Chickens can eat all kinds of things that humans and other animals would consider unpalatable, or that might even be harmful.
Some common plants make a good snack for chickens even though other animals don’t touch them.
How about something that is normally dangerous like hemlock? Can chickens eat hemlock?
No, poison hemlock is toxic and extremely deadly for chickens and they should never eat it under any circumstances. Note that all parts of hemlock contain deadly toxins, and there is no way to make it safe for eating.
Not much of a surprise there considering the reputation of this deadly plant precedes it.
Hemlock is an increasingly common plant across North America, and flourishes it quickly and unexpectedly when conditions are right so you need to know what it can do and how to deal with it.
Keep reading to learn more.
Hemlock is Deadly Poisonous for Humans and Animals, including Chickens
There’s no two ways about it. Common hemlock, also properly known as water hemlock and colloquially as poison parsley, is extremely toxic for pretty much every animal, and also for people.
Hemlock contains coniine and other alkaloids that make it extremely dangerous for mammals and many other organisms.
In fact, this stuff is so toxic it only takes between 150 and 300 mg of this stuff to reliably kill an adult human. Imagine how much less it will take to kill a chicken.
Hemlock is a particular hazard to domestic animals when it is inadvertently eaten, and livestock in particular because it is often accidentally gathered with and turned into hay for livestock feed.
Even worse, warm seasons lead to an increased concentration of the precursors of the toxin in the flesh of the plant, making them particularly deadly.
Notably, when mature and large a distinctly unpleasant odor somewhat similar to parsnip is often detected near the plant, and this older intensifies when the stems or leaves are crushed or broken.
Wherever you find it, you’ll want to get rid of hemlock and make absolutely sure that none of your animals can come into contact with it.
Can Chickens Eat Hemlock Raw?
No, raw hemlock cannot be eaten by chickens in any quantity safely.
Can Chickens Eat Hemlock Cooked?
Cooking hemlock does nothing to meaningfully reduce or neutralize the toxins present in the flesh of the plant.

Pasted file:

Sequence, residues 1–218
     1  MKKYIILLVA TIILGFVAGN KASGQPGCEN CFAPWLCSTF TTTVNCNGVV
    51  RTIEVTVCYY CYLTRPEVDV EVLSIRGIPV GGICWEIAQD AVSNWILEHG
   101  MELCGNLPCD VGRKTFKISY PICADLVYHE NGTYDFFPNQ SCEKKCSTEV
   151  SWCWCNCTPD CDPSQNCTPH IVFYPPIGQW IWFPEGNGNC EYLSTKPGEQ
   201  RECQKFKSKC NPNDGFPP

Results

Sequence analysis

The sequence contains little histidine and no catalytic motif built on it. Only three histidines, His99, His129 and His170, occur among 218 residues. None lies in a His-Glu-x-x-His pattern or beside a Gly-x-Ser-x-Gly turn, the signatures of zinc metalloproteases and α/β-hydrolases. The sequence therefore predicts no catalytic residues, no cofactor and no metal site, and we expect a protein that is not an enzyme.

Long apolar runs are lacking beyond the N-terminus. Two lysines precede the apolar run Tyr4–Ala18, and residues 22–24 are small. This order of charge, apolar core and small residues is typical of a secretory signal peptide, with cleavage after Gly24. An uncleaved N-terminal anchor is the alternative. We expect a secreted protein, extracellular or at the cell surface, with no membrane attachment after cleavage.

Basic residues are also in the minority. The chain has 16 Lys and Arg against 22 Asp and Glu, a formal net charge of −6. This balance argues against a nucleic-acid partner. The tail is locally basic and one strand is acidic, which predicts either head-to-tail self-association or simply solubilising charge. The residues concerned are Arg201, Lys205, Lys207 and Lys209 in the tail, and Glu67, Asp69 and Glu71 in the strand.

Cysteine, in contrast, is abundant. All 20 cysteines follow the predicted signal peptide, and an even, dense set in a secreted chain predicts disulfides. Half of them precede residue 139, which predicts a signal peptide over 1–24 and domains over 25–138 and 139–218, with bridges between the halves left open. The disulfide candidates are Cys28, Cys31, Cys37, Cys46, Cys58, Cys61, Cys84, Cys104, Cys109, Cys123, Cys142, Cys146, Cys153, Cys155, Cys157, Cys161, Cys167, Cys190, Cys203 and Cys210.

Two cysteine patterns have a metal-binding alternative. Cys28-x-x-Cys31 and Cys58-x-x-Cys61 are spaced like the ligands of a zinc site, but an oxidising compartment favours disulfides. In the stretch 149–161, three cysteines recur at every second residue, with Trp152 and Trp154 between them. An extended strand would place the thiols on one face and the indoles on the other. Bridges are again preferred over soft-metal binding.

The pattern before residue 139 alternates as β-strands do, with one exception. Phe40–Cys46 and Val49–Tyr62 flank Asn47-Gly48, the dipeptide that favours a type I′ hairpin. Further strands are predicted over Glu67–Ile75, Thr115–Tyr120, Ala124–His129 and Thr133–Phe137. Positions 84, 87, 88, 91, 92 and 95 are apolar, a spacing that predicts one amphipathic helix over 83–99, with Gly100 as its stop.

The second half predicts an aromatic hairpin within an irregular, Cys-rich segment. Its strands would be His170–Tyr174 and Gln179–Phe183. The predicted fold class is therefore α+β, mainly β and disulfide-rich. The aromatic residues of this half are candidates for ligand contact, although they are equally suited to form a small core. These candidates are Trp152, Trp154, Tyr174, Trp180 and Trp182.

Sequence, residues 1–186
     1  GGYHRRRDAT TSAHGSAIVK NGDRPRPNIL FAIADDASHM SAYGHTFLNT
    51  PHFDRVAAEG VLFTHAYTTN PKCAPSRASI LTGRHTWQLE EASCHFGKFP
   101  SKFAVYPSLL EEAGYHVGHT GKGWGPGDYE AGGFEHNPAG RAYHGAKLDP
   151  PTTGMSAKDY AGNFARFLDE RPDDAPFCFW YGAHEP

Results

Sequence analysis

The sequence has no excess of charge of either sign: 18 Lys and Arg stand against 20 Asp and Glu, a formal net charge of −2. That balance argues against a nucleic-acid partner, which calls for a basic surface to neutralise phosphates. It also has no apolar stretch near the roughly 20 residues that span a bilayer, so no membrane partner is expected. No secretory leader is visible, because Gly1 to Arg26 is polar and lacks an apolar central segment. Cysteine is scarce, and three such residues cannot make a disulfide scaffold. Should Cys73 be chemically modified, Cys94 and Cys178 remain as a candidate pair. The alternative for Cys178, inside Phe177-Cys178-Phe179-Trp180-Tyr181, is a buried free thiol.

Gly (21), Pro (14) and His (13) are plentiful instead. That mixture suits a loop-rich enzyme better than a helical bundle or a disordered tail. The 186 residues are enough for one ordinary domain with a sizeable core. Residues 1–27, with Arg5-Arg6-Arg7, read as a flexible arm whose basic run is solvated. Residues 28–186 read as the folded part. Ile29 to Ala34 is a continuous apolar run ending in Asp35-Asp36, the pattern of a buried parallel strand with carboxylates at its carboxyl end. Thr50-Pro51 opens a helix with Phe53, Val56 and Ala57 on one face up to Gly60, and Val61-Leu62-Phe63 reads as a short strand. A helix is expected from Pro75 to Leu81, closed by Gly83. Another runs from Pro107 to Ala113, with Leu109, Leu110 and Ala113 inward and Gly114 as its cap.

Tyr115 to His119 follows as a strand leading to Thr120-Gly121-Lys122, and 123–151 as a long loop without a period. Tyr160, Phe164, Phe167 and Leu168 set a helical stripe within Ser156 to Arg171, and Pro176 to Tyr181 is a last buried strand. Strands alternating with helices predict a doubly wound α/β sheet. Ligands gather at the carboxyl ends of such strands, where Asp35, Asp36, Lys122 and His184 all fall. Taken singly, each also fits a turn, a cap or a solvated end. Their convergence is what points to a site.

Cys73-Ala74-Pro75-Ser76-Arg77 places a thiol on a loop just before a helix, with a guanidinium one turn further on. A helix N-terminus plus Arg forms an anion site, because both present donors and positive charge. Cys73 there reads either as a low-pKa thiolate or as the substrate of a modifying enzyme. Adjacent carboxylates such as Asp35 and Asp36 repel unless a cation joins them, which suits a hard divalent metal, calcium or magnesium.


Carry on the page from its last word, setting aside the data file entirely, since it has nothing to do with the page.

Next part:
All Parts of the Hemlock Plant are Highly Poisonous
Every single part of hemlock is full of deadly poison, from the flowers and the leaves to the stems and the roots.
There is no part of this deadly plant that can be safely ingested, and even the minutest amounts can have severe health consequences.
The Seeds and Roots are Most Dangerous of All
However, the concentration of toxins varies slightly from plant to plant and from species to species, but invariably it is the seeds and the roots of the plant that contain the most poison.
If, for whatever reason, your chickens should ingest hemlock seeds or any part of the root, death is highly likely.
Symptoms of Hemlock Poisoning in Chickens
Hemlock poisoning takes effect quickly, and absorbed rapidly through the lining of the digestive tract or it enters the bloodstream and begins to take effect.
Initially, heightened energy levels or excitedness are likely, but these will quickly give way to debilitating effects on the nervous system.
Symptoms will include an increased heart rate, breathing trouble, trembling or seizures, dilated pupils, lethargy and weakness and an inability to stand.
Particular indications of hemlock poisoning include a blue or pale colored comb and a musty, nasty smell on the droppings or breath of the chicken.
Even Contact with Hemlock Plants Can Be Dangerous
Saving a chicken that has been poisoned by hemlock is unlikely, so your best bet for protecting them is by controlling the plant through elimination.
However, you should know for your own sake and for the sake of your chickens that even contact with hemlock can be dangerous.
The toxins are present on the surface of the plant, and as the plant is rough handled and broken more will be brought to the surface.
The poisons can be absorbed through the skin and incidental contact with mucous membranes and other sensitive tissues can lead to more serious poisoning.
Do not let your birds go anywhere near the hemlock plant, and you should wear sturdy, non-absorbent gloves anytime you are dealing with it.
Hemlock is Particularly Dangerous for Baby Chicks
One more thing to keep in mind is the danger that hemlock poses to baby chicks.
Hemlock is deadly enough for adult chickens, but it is far worse for chicks that lack a fully developed set of organs and digestive tract, and lack the body mass to offset the toxin.
Even the most incidental contact or ingestion of coniine will likely spell death for a check, so if you allow chicks to roam and range with their parents you must take extra precautions to ensure that all hemlock is eradicated from your property, or at least anywhere that your chickens have a chance of reaching.
To do otherwise will likely mean death for the poor bird.
Tom has lived and worked on farms and homesteads from the Carolinas to Kentucky and beyond. He is passionate about helping people prepare for tough times by embracing lifestyles of self-sufficiency.